Story: A particularly horrible murder case keeps the police busy. They find a dismembered body, but its pieces are all found lying together.
The only part missing is the right arm. What message does the killer want to convey? The respected pathologist Kang Min-ho (Sol Kyung-gu) is called
in on the case and it doesn't take him long to find his first clues. Moreover, he takes the rookie Min Seo-yeong (Han Hye-jin) in on the case, much
to the disappointment of the rest of the investigators as they soon feel threatened by the keen mind of the new inconspicuous investigator. In fact,
Min Seo-yeong quickly manages to connect the environmental activist Lee Seong-ho (Ryoo Seung-beom) to the victims. It seems the murder is related to
environmental policy. Lee confesses the crime and even tells the police where the murder weapon can be found. At the same time, though, he secretly
tells Kang that he kidnapped his daughter and that he won't see her again unless he can get him out of custody. The overwhelming evidence makes this
extremely difficult and now Kang is forced to forge evidence while Min always has an eager eye on the case's development...
Review: A good thriller always stands or falls with its story and its atmosphere. For some reason Korea always had some trouble with this,
but now there are actually some movies in this genre that don't need to hide from Hollywood. And "No Mercy" is one of those movies. At the same time,
though, the movie obviously has some dreadful problems, but the fine script and the fairly exciting lethal game between killer and investigator is quite
riveting. It's not the chase after the killer that is in the foreground but rather his motive. Most of the time pathologist Kang is busy tampering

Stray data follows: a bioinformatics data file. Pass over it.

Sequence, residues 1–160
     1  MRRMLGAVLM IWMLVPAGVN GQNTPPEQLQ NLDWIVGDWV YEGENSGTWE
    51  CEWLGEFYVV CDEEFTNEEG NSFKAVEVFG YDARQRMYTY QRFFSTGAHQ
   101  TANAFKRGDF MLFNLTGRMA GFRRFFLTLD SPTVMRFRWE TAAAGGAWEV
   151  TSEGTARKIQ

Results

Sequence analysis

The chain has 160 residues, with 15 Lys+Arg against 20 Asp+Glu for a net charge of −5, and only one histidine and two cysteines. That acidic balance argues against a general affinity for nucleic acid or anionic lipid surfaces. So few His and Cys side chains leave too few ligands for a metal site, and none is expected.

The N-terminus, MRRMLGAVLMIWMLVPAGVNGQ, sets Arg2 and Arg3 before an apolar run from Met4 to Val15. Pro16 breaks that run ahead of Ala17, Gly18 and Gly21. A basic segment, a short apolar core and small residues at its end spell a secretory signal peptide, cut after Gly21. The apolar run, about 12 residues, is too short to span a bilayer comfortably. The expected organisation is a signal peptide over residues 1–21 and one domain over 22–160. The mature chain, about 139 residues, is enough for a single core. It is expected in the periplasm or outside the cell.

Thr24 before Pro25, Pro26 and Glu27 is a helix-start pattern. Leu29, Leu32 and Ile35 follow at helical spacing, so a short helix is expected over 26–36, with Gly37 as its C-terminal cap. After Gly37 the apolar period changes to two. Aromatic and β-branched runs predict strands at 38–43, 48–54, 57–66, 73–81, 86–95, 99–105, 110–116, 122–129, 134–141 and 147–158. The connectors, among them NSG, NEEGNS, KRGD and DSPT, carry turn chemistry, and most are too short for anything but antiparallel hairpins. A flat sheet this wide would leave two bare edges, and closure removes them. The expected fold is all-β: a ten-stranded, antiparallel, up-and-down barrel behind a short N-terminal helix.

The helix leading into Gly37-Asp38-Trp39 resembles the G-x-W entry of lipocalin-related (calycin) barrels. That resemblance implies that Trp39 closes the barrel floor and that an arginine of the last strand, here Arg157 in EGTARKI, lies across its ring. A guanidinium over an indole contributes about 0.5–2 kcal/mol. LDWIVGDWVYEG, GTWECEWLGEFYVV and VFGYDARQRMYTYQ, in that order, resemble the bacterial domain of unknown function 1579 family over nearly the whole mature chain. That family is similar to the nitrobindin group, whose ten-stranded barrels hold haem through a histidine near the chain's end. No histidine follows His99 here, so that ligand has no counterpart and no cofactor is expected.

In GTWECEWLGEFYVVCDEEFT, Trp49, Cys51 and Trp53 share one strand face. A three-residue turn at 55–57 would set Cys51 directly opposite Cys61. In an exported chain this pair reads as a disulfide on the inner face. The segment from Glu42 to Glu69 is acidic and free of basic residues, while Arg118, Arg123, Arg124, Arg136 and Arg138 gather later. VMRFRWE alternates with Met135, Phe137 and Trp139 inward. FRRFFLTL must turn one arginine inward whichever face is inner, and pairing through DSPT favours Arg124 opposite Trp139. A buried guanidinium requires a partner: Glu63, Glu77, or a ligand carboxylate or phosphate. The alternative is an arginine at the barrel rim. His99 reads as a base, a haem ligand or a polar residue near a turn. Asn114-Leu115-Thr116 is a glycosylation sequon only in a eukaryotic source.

with the evidence and watching out for the investigators from his own ranks. Nevertheless, the viewer shares the thrill with him, on the one hand
because we want to find the reason for Kang's manipulation, after all Lee unnecessarily makes the pathologist's work more difficult by confessing
the crime to the police, and on the other hand because in the end we hope to see Kang taking his well-earned revenge.
What is striking is the movie's tone as it doesn't settle for any compromises. This can already be seen at the autopsy. While not really being a brutal movie as such, in this scene "No Mercy" shows the performance of a Y-shaped incision on a corpse as well as the removal of various organs and how they are cut up into small pieces in all detail and with an incredible closeness to reality. While we are happy that other movies decide to make a cut at the right moment (no pun intended…), this movie keeps the camera rolling without any mercy. But also little sex scenes, which are meant to supply evidence in a quite interesting way, are portrayed astonishingly revealing. Yet, all these scenes aren't meant to artificially increase the movie's shock factor but actually help to emphasize the movie's relentlessly direct style. Needless to say that this is also reflected in the prevailing mood which is astoundingly dark and hopeless. "No Mercy" shows more courage than most other movies of its genre and this is reason enough to reward it with some words of praise.